A new case study published by the Pharmacy Board looked at a pack of medicine which showed two patients’ details
In its recent newsletter, the Board advised that it had published new case studies, one of which covered privacy and dispensing procedures.
“A notifier alleged that a pharmacist failed to ensure patient privacy by affixing the pharmacy dispensing label to the primary container over the top of another label showing another patient’s details,” the Board observed.
“The second label was easy to remove, and as a result the first patient’s details were accessible, resulting in a breach of confidentiality.”
This raised issues around patient privacy, the Board noted, as outlined in its Code of Conduct for Pharmacists and Guidelines for Dispensing of Medicines.
These require the pharmacist to ensure the privacy of patients is assured, and that the information about a person obtained through the course of professional practice is only disclosed with the patient’s permission.
“The initial dispensing label had not been removed from the medication when it had been labelled in error for an earlier patient,” the Board wrote.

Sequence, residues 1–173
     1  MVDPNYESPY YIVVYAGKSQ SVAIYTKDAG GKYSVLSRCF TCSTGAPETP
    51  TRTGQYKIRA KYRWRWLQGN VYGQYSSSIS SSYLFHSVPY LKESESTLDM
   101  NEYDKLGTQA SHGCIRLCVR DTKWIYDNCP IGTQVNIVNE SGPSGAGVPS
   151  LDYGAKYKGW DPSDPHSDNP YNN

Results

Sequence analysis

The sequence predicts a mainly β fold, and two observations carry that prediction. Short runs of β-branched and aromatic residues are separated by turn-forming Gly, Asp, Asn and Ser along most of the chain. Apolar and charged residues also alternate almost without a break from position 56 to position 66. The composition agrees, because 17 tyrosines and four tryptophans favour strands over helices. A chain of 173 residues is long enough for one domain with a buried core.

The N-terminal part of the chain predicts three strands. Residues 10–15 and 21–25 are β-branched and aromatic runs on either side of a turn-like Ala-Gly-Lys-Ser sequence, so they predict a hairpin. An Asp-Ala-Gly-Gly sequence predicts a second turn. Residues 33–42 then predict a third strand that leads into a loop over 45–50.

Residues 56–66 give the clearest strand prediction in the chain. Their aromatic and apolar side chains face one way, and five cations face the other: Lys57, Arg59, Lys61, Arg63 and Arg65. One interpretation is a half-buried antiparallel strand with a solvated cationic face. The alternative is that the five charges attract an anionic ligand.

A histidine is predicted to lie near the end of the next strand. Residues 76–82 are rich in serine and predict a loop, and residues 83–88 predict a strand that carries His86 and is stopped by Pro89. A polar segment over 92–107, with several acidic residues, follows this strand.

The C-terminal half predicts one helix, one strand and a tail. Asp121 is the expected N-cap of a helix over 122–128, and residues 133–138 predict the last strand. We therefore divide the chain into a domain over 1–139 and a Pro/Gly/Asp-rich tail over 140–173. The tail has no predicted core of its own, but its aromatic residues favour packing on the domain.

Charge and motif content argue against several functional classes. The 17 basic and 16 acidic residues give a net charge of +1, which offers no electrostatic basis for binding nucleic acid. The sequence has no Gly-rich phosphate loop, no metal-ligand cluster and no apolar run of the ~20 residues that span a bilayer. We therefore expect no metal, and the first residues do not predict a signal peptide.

“Because the medication had not left the pharmacy it was able to be reused.
“However, the initial dispensing label with the patient’s details should have been removed before dispensing the medicine to the next patient.”
The Board went on to form a reasonable belief that the pharmacist’s conduct in supply the medicine with the double label was unsatisfactory, and the pharmacist was cautioned.
“Pharmacists must ensure that all pharmacy services are provided in a manner that respects and upholds a patient’s privacy requirements in accordance with the Board’s codes and guidelines, as well as relevant privacy laws applicable to health providers,” the Board said.